From this insight will flow not only the integrating and universalist propensities of Western philosophy but even the possibility of modern science. For life is not a series of discrete experiences, influenced by diverse forces. We do not live in a fragmented universe, controlled by fickle and warring gods. As Bob Dylan sings: “Ring them bells, sweet Martha, for the poor man’s son. Ring them bells so the world will know that God is one.” God and the poor man’s son belong together. Because God is One, life is a moral continuum—and reality makes sense.

With all of life stemming from one integrated source, nothing is random or disparate. There is order to the universe, and the deeper one delves, the greater synchronicity one can find at its underpinnings. Oneness means there is a sense to reality; it can be studied and understood. Science isn’t in conflict with religion; it’s another prism through which to perceive life’s intricate order and design.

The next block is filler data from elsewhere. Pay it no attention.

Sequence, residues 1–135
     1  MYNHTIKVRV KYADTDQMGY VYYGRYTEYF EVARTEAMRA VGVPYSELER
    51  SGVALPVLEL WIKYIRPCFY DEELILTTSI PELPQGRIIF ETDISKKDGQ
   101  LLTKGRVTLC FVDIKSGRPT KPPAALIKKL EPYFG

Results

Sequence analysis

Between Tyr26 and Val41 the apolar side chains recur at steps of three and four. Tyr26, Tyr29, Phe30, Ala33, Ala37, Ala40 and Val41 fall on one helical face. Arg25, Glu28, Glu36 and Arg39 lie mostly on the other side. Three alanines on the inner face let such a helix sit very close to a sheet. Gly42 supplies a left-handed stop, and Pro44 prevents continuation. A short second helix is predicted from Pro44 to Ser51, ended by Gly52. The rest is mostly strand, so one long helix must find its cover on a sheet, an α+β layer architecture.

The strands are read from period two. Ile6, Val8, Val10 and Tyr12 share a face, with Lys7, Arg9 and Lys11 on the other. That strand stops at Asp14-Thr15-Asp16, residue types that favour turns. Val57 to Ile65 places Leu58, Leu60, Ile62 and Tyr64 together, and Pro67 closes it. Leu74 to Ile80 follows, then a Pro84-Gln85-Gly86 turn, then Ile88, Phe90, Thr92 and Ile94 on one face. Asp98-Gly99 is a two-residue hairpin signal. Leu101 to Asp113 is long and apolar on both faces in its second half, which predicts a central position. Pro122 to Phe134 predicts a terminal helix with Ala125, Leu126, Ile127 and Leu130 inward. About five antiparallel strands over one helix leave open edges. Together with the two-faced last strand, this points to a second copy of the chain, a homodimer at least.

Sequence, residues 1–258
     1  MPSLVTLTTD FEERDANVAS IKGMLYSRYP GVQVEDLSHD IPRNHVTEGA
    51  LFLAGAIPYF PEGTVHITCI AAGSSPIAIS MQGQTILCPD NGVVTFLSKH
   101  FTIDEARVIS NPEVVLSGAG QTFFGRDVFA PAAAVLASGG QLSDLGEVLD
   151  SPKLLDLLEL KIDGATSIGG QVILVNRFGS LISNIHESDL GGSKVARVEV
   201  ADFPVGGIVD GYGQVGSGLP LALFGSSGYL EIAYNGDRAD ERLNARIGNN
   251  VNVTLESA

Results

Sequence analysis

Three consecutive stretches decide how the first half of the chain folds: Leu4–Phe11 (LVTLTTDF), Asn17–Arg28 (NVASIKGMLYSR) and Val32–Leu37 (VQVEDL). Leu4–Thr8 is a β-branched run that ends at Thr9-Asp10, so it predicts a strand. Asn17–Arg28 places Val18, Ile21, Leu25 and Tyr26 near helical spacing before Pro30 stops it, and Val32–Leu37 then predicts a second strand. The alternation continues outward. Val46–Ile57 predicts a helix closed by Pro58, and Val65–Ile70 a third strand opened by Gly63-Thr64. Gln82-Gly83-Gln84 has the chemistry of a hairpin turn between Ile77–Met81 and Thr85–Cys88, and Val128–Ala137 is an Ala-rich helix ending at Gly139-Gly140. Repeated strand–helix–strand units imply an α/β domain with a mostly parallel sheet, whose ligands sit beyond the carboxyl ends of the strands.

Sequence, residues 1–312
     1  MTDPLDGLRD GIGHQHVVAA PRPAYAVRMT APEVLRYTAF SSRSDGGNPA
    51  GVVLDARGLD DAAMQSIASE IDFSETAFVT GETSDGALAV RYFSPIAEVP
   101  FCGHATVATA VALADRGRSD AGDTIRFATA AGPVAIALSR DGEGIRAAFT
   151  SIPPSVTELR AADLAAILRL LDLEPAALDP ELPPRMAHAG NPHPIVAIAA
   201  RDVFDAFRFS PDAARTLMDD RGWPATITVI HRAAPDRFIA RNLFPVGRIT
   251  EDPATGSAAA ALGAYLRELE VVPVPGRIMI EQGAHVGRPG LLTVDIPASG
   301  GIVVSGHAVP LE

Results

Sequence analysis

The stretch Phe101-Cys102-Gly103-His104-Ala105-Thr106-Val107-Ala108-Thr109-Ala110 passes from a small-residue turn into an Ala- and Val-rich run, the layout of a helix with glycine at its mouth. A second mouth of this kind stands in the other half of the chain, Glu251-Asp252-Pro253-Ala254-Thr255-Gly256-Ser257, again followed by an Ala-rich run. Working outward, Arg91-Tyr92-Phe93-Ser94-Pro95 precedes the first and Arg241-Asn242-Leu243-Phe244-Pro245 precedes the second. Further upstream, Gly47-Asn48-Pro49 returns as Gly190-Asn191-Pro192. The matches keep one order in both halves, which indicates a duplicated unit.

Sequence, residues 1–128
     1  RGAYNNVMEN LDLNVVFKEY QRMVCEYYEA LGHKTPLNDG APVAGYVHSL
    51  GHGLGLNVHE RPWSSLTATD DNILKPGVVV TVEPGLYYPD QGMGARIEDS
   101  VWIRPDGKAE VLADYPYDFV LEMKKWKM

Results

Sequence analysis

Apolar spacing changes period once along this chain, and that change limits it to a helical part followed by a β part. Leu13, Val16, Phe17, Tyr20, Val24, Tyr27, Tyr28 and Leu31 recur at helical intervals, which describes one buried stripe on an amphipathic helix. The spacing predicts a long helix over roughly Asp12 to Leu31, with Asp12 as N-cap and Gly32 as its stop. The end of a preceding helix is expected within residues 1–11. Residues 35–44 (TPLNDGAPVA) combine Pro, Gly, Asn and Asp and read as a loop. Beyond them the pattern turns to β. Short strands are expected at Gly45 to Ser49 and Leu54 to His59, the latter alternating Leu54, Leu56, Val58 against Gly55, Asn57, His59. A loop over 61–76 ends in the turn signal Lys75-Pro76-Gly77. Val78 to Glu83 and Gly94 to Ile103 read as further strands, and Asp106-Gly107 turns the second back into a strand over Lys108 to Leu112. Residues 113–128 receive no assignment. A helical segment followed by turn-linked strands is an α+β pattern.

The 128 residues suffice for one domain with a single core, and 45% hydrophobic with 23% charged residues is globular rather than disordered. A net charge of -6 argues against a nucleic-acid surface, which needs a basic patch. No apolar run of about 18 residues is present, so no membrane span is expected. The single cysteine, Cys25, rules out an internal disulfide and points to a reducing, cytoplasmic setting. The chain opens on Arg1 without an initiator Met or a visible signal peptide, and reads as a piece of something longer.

In the words of Nobel Laureate Dr. Roald Hoffmann: “I believe that science and Jewish religious tradition share this: the conviction that this world is very much real and tangible, that the world and the actions of human beings matter, and that there is order to be found. This commonality is a lot to build on.”

Cahill describes many other gifts of the Jews – equality before the law, the sacredness of human life, the belief in a benevolent and loving God, Shabbat, the imperative to perform acts of kindness – seminal values that the world takes for granted today, and for which many loathed to give credit to the Jews.

As Cahill wrote: “Our history is replete with examples of those who have refused to see what the Jews are really about, who – through intellectual blindness, racial chauvinism, xenophobia, or just plain evil – have been unable to give this oddball tribe, this raggle-taggle band, this race of wanderers who are the progenitors of the Western world, their due.”